clock menu more-arrow no yes mobile

Filed under:

In Kawhi Leonard’s Hands, Anything Is Possible

With one shot—and four lucky bounces—Leonard sent the Raptors to the Eastern Conference finals and erased some demons from Toronto’s postseason past

Getty Images/Ringer illustration

With the fate of a play, a game, a series, a franchise, and a future in the hands of Kawhi Leonard, could there have been any other shot taken? If one play had the power to reinforce a franchise’s past or alter the trajectory of its future, it had to have been this: merely inches from the sideline in the final moment of the Raptors’ Game 7 against the Sixers in the 2019 Eastern Conference semifinals. A shot that, in the moment, seemed like it had the power to change the perception of Toronto as a whole.

With one baseline fadeaway, the Raptors are now back in the Eastern Conference finals for the first time since 2016, after a tense 92-90 win over the Sixers on Sunday. History favored the Raptors this time around.

Eighteen years ago, Vince Carter attempted a similar shot roughly 60 feet along the same side of the court, under similar circumstances, against the same franchise. Eighteen years ago, the ball clanked off the right side of the rim and the reverberations from that miss have haunted the team until … now. Nearly two decades of the city’s anxious self-fulfilling prophecies—spanning the void that Carter left upon his forced exit, then the existentialism brought upon by LeBron James—brought Toronto right back to a past they’d long hoped to overcome, mirrored on the other side of the floor. Vince had two seconds; Kawhi had four—as if time had to account for folding on top of itself. But with this second chance, they’ve broken through. This shot. It’s the greatest moment in Toronto Raptors history.

Kawhi Leonard’s hands are 9.75 inches long from the base of the palm to the tip of the middle finger, and 11.25 inches wide from thumb to pinkie. They account for more than a quarter of Leonard’s absurd 7-foot-3 wingspan, offering him the defensive radius of a center with a swingman’s frame, all maximized by extrasensory anticipatory skills—on both ends of the floor. Three years ago, he held his hand out in comparison with Shaquille O’Neal’s on Inside the NBA. Shaq, arguably the most physically imposing player in NBA history, had at least 6 inches of height on Leonard, and yet, from their hand-by-hand comparison, the difference in hand length was mere centimeters—equivalent to roughly half the length of each of O’Neal’s distal interphalangeal joints (or minor knuckles). But Leonard’s hands are capable of things Shaq could only dream of doing. And in the biggest moment, the Klaw rose above a lunging Joel Embiid, one of Shaq’s closest modern facsimiles, and delivered a truly iconic moment.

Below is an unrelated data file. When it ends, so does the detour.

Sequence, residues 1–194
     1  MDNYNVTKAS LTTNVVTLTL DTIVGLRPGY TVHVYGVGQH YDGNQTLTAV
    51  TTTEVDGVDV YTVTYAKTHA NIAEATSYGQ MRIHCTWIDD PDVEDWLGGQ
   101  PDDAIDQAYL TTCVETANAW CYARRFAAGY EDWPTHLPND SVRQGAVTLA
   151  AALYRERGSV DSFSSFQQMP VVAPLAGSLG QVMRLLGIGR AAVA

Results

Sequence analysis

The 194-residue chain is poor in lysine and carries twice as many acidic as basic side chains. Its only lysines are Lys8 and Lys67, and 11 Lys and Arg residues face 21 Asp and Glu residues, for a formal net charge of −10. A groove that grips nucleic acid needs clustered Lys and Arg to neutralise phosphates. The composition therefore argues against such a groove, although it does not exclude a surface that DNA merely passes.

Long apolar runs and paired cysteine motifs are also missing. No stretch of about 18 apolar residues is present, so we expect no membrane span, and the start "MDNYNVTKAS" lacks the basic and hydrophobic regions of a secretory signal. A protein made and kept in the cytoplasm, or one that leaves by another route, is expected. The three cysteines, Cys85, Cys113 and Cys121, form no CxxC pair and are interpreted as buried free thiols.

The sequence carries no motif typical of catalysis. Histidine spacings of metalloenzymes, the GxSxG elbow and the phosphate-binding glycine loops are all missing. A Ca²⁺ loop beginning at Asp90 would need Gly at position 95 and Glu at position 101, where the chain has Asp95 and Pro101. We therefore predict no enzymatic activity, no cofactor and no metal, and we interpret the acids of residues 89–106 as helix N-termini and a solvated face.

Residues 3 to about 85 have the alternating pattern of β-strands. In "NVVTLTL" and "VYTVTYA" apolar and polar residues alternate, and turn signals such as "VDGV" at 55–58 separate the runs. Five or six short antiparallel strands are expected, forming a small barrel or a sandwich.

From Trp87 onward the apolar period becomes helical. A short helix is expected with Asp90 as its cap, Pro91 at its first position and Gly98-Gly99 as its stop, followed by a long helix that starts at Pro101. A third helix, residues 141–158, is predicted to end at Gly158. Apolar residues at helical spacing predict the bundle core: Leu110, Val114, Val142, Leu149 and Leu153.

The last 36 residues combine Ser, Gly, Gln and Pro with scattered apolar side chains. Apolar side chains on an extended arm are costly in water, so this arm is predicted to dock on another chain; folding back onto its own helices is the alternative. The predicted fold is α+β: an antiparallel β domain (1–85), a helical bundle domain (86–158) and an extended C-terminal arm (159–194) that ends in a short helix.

Getty Images

I can’t stop looking at this image: all eyes, legs, and most importantly, hands. Enormous hands—of Embiid, of Kawhi—that seem to cluster around the presence of the ball like a Venus flytrap, or a crown roast, depending on how hungry you are. Despite the result of the play, in this one shot, it’s Embiid who is captured majestically. His silhouette is equal parts 1988 Jordan and an airborne mermaid. Kawhi is almost entirely enveloped. You can see his kicks, with gold claws gripping both sides of the shoe. You can see his focused right eye, the only part of his face not eclipsed by Embiid’s gargantuan body. But those hands. They rise above all else in focus. The ball is softly perched upon three of Kawhi’s distal interphalangeal joints, ready for launch. What I notice most, though, is where Embiid’s right hand is in relation to Kawhi’s. His fingertips barely reach Kawhi’s palm. For as draped in the presence of Embiid as he was, the shot itself? As clean a look as any Leonard fadeaway this season.

Still, it was tough. The entire game was tough. It wasn’t a beautiful performance by Leonard; it wasn’t even his usual perfunctory display of excellence. Leonard scored 41 points on 41 percent shooting, requiring 39 shots to get the Raptors past their demons. But that takes a certain level of star power to accomplish. That ability to push through a bad performance and create something transcendent from 40-plus minutes of struggle is why they brought Kawhi to the franchise without promise of his commitment to the team. It is a rare quality, one the team had only ever seen once before.

We tend to talk about Leonard as an emotionless curiosity; I’ve personally suggested the man has no discernible physical charisma. But you have to Kawhi-laugh at the drama and catharsis he delivered to the city of Toronto: the tremendous arc, the nauseating four bounces on the rim, the blue-tongued wail as he is nearly submerged by his teammates along the sideline. I’m still not sure whether he exudes much charisma on the court, but watching his game-winner again and again, it doesn’t matter: All of the color is within the lines; in the structure of his game and the lines and angles that he creates from.

An outstretched hand begets other outstretched hands, and Raptors fans filed out of the Scotiabank Arena hugging and high-fiving family, strangers, cops—from the arena, to Jurassic Park outside, to Union Station and beyond. We still have no idea whether this is enough for Kawhi, whether sending an entire city into a frenzy, having hordes of people march along the streets chanting your name, is enough for him to want to make this city his home. But in this moment, it sure feels like it is. That’s what happens when you find someone capable of turning nearly two decades of self-fulfilling prophecies into dust. You throw your hands up and start believing things might actually be different this time—that the Raptors might make the Finals, that Kawhi might actually stay. Because in the moment, why wouldn’t they?